Reviewed by: Alan Forrest
Author: Dominic Lieven
Price (RRP): £30
This is, by Lieven’s own admission, a labour of love, the result of years of study and reflection. It brings genuinely new insights, eschewing the conventional concerns of British and French historiography to examine the Napoleonic Wars from a Russian perspective, through the eyes of Tsar Alexander I and his generals, through the experience of Russian officers and soldiers, and against the backdrop of Russian political and diplomatic ambitions. There is a wealth of detail on Russia’s geography, its natural resources, its social structure and temperament. There is a breadth of imagination, too, combined with gentle humour and a lightness of touch that stem from complete mastery of the subject. The author is by turns provocative and discursive, analytical and extremely witty. His judgments are pithy and incisive.
This was a campaign which Russia planned, a war that Russia won, and not simply – as it is so frequently characterised in western Europe – one that Napoleon lost in the snows of the northern winter. That is just one of many myths that surround the 1812 campaign which Lieven seeks to correct. Some of these myths were Russian. In the 19th century, in the tradition of Tolstoy, 1812 was depicted as a nationalist rising against a foreign invader, akin to the Wars of Liberation in Prussia. The author remains unconvinced, seeing it as a victory less for the people than for the empire, and he offers a multi-layered account that ranges from court politics to the vagaries of logistics and supply.
At its core is a study of grand strategy, an insistence that, from Russia’s standpoint, this was a global struggle and not just a European one. The defeat of Napoleon resulted from diplomatic manoeuvres and military alliances.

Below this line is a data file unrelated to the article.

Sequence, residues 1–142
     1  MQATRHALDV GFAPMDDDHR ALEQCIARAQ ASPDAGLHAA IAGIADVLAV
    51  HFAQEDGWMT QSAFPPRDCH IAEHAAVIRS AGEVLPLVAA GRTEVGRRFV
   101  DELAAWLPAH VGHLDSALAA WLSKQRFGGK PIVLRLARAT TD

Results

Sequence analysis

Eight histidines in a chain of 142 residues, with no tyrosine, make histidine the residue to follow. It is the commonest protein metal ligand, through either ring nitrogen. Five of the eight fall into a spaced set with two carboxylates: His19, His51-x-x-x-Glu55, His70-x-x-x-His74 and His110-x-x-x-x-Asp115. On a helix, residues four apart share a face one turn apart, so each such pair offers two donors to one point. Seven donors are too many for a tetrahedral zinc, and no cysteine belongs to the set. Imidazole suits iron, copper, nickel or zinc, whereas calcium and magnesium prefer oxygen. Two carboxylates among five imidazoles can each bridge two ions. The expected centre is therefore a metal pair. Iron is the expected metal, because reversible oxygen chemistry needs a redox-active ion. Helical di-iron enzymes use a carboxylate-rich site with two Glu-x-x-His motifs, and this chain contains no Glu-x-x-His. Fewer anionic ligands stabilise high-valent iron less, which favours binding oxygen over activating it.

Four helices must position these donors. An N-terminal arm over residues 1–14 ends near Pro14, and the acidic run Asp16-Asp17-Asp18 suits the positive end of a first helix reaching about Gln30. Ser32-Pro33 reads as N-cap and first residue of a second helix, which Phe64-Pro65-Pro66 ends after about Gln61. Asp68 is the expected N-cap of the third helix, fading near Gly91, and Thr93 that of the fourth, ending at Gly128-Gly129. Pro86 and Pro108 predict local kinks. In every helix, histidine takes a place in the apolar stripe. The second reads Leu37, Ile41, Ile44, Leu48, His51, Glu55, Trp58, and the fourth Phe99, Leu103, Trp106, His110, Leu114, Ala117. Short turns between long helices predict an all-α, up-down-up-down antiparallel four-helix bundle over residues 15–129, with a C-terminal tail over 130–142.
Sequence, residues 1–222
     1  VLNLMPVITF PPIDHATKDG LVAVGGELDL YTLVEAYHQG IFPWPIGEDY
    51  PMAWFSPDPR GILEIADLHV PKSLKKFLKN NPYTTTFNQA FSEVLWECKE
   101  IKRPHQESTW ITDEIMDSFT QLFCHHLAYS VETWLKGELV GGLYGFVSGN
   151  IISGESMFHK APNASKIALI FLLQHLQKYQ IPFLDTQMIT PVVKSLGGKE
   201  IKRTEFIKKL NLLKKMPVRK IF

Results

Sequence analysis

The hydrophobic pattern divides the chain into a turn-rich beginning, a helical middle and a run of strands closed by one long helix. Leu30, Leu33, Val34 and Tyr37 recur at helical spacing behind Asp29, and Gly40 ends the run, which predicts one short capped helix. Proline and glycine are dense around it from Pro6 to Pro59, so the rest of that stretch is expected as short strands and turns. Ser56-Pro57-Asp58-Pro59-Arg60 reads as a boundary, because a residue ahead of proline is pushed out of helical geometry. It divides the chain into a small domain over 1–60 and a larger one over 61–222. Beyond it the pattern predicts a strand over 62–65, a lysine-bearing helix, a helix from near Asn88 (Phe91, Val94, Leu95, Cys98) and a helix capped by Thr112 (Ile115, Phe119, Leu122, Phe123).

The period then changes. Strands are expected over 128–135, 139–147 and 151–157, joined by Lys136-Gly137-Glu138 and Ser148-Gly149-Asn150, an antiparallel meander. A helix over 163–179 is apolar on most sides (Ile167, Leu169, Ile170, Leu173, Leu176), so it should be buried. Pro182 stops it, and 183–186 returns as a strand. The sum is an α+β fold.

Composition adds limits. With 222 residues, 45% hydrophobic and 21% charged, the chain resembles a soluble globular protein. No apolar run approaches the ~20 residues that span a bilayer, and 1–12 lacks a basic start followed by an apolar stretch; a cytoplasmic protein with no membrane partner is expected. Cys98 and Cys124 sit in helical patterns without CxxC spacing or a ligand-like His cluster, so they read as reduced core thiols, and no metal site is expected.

Of course, it was a victory won on the battlefield, too, and this is a distinguished work of military history. If it underlines the weaknesses of the Russian army, like a vacillating high command, relatively poor musketry, and routine parade-ground values in training, it also points to its strengths, an astute commander in Barclay de Tolly, young officers promoted on merit, and logistical superiority. It gives due credit to Russia’s military structures, which allowed the army to feed half a million troops outside its borders in 1813–14, and its seemingly endless supply of men. Of men, but also, crucially, of horses, “with which Russia was better endowed than any nation on earth”.
It was no accident, he insists, if the Russian horse artillery was the most mobile and flexible on the battlefield, for the horses of the steppes were different in kind from those of western Europe. They were speedy and resilient, and there seemed to be an inexhaustible supply. They were a resource that contributed significantly to Napoleon’s defeat in 1812 and to Russia’s ultimate victory in the war. They were in their way as crucial for the success of the Russian army as battlefield tactics or grand strategy.
Alan Forrest is professor of modern history at the University of York